Courtesy of LeKeshia Liles

1 in 5 Childcare Workers Lack Health Insurance, Heightening Their Fears Of COVID-19

COVID-19 outbreaks are springing up at a handful of childcare centers across North Carolina, threatening a vulnerable workforce of women who are largely low-paid and often uninsured.

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Keisha Lance Bottoms, A Possible Biden VP Pick, Sees Profile Rise Amid Crises

One of a series of reports looking at Joe Biden's potential running mates Atlanta Mayor Keisha Lance Bottoms, one of several candidates said to be under consideration as Joe Biden's presidential running mate, has seen her profile rise fast in recent weeks as the first-term mayor has spoken out against the state of Georgia's Republican-led pandemic response and spoken forcefully to protesters in her city. Her early loyalty to the former vice president also stands out. Bottoms endorsed Biden...

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Protesters calling for the removal of Confederate monument in Graham, North Carolina, face off with Confederate sympathizers on Saturday, July 11, 2020.
Jason de Bruyn / WUNC

There were tense moments in Graham over the weekend, as Black Lives Matter demonstrators came face-to-face with Confederate sympathizers.

The Old Well on the UNC- Chapel Hill campus.
Brian Batista / For WUNC

A UNC Chapel Hill commission voted Friday to recommend removing the names of four prominent white supremacists from campus buildings. The resolution will go to university Chancellor Kevin Guskiewicz and the UNC Chapel Hill Board of Trustees for consideration.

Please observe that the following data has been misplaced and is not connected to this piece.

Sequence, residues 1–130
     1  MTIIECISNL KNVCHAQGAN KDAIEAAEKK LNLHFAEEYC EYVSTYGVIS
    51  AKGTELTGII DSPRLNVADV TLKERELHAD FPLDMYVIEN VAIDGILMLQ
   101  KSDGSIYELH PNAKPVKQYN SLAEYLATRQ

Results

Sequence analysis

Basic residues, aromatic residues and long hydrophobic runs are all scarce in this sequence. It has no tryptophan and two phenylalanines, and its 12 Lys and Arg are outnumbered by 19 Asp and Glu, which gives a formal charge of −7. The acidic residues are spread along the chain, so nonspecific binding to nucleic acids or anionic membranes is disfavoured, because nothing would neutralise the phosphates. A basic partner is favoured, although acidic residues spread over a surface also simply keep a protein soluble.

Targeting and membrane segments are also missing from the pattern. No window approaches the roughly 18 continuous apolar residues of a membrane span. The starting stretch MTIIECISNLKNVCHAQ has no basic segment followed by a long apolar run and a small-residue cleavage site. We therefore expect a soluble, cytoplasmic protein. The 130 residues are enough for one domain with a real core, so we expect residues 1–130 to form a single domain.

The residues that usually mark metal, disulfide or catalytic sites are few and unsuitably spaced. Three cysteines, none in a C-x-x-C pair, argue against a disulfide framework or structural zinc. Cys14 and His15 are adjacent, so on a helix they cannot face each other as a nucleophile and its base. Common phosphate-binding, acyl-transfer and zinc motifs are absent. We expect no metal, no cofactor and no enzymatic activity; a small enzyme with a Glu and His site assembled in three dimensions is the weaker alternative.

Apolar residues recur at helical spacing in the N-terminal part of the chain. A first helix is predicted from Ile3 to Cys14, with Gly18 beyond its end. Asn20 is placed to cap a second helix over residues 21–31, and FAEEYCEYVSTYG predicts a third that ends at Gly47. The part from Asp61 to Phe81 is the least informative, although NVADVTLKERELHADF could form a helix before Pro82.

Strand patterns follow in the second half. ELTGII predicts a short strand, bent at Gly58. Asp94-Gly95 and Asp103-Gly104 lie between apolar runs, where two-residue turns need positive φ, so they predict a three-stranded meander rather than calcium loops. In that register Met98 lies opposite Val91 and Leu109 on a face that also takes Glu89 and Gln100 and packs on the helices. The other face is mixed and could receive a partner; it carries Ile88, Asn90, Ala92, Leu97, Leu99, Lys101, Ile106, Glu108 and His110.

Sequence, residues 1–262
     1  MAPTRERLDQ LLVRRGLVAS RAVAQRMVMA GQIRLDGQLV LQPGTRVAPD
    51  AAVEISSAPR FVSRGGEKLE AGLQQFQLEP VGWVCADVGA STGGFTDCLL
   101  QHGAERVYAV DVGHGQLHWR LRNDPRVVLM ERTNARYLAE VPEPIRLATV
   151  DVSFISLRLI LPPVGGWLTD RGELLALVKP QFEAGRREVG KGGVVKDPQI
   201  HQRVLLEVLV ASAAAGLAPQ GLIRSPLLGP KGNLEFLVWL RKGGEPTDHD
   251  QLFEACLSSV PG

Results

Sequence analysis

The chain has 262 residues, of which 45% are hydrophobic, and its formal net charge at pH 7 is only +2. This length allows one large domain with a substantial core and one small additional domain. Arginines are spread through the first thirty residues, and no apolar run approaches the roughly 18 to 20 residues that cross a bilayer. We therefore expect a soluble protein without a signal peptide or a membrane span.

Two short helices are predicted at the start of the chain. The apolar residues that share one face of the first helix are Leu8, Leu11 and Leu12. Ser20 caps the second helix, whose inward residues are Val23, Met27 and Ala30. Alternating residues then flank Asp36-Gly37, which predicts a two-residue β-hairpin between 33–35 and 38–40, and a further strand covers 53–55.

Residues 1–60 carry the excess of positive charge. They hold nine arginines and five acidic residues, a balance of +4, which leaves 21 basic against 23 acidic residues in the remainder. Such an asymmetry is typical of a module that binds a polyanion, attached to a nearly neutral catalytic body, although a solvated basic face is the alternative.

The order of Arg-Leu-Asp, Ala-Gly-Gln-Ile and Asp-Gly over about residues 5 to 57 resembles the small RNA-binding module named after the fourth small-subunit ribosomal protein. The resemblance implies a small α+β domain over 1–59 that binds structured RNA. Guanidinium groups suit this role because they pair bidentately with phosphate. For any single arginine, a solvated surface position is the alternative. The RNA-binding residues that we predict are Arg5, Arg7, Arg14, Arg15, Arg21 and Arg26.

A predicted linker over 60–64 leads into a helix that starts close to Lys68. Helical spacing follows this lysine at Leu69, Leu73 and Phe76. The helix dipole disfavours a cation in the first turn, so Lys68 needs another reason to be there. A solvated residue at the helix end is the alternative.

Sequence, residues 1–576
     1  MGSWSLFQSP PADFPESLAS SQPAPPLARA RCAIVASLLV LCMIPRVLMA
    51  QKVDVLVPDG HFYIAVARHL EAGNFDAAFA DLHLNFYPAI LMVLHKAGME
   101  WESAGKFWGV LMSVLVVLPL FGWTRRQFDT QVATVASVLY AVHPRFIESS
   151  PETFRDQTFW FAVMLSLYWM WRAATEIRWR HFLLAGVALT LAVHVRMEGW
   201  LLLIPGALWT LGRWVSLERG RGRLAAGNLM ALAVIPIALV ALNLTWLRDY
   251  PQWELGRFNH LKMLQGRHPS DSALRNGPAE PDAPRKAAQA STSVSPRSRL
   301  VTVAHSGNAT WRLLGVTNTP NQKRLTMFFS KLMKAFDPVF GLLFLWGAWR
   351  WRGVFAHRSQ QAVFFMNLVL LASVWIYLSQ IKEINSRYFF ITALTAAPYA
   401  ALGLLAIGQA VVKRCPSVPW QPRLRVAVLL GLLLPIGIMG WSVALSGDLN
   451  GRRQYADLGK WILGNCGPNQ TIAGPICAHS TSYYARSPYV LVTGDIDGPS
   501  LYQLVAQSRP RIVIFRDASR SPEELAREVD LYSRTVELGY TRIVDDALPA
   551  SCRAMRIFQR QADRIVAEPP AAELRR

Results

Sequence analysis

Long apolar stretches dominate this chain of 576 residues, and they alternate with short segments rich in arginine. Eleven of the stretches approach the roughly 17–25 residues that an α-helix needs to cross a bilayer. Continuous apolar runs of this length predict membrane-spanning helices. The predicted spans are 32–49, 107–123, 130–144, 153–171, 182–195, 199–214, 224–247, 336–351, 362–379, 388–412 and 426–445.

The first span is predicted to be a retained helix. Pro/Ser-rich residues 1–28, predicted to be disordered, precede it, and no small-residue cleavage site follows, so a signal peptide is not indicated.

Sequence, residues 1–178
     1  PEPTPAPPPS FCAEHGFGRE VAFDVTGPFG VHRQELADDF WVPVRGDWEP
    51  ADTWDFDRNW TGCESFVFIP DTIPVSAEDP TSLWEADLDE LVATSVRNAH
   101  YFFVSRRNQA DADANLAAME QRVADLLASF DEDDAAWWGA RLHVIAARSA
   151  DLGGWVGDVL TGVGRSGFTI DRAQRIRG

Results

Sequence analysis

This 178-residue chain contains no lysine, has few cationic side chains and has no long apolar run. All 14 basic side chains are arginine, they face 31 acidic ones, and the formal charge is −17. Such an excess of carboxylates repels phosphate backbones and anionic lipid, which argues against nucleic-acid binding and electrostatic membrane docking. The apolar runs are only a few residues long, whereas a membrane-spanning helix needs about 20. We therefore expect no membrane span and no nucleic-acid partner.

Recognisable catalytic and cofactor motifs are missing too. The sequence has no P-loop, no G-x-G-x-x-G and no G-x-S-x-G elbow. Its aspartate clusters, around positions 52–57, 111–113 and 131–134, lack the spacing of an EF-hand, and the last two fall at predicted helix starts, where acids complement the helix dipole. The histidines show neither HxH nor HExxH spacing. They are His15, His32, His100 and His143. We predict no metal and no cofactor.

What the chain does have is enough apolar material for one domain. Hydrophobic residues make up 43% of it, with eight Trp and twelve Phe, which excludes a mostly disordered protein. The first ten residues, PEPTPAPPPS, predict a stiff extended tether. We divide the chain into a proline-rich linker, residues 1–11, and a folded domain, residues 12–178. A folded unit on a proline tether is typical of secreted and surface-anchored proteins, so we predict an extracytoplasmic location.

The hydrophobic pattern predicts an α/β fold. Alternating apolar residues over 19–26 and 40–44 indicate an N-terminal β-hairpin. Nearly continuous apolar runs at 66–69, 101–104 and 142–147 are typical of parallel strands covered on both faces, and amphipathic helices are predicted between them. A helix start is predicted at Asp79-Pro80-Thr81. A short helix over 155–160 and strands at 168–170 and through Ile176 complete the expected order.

This week in state politics: North Carolina lawmakers failed to override the governor's vetoes so that gyms and skating rinks that were shutdown because of the pandemic could reopen. But in court, a group of bowling alleys won their argument that they're no riskier than resturants operating at limited capacity. 

Meanwhile, the tension over how Democratic Gov. Roy Cooper is calling the shots during the COVID-19 emergency brought an abrupt end to a meeting of top state elected officials. 

Rob Schofield of NC Policy Watch and Becki Gray of the John Locke Foundation discuss those developments, plus record-breaking fundraising in the U.S. Senate race, and one early outcome of protests over police misconduct. 
 


North Carolina Governor Roy Cooper sits for an interview with WUNC in the Executive Mansion in Raleigh, N.C., Tuesday, Jan. 30, 2018. Cooper addressed the opiod crisis affecting the state.
Ben McKeown / For WUNC

A new state criminal justice panel formed in the wake of George Floyd's killing had its first meeting this week. The North Carolina Task Force for Racial Equity in Criminal Justice is charged with finding solutions to racial disparities in North Carolina's criminal justice system.

The personal loss of a loved one leads host Leoneda Inge to reflect deeply on the recent experience of saying goodbye during the pandemic.

Despite social distancing and stay-at-home orders preventing large groups from gathering together, Black communities have still found ways to mourn the loss of family and friends.  Whether it’s live streaming a service, mandating face masks, limiting attendance or offering creative kinds of support to relatives, people are adapting to the current challenges of organizing funerals and memorials.

Inge also talks with Nina Jones Mason, manager of Ellis D. Jones & Sons Funeral Directors, about grieving during this unique time.


Most high schools in the region have delayed football practice because of the coronavirus pandemic. One exception is Lake Norman High School in Iredell County, where coaches and players are practicing football differently this year.

Woman sits in the shower shaving her legs
Credit: Betsssssy//Flickr//CC

Women’s war with body hair has claimed many casualties since hair removal and femininity became linked in the late 1800s.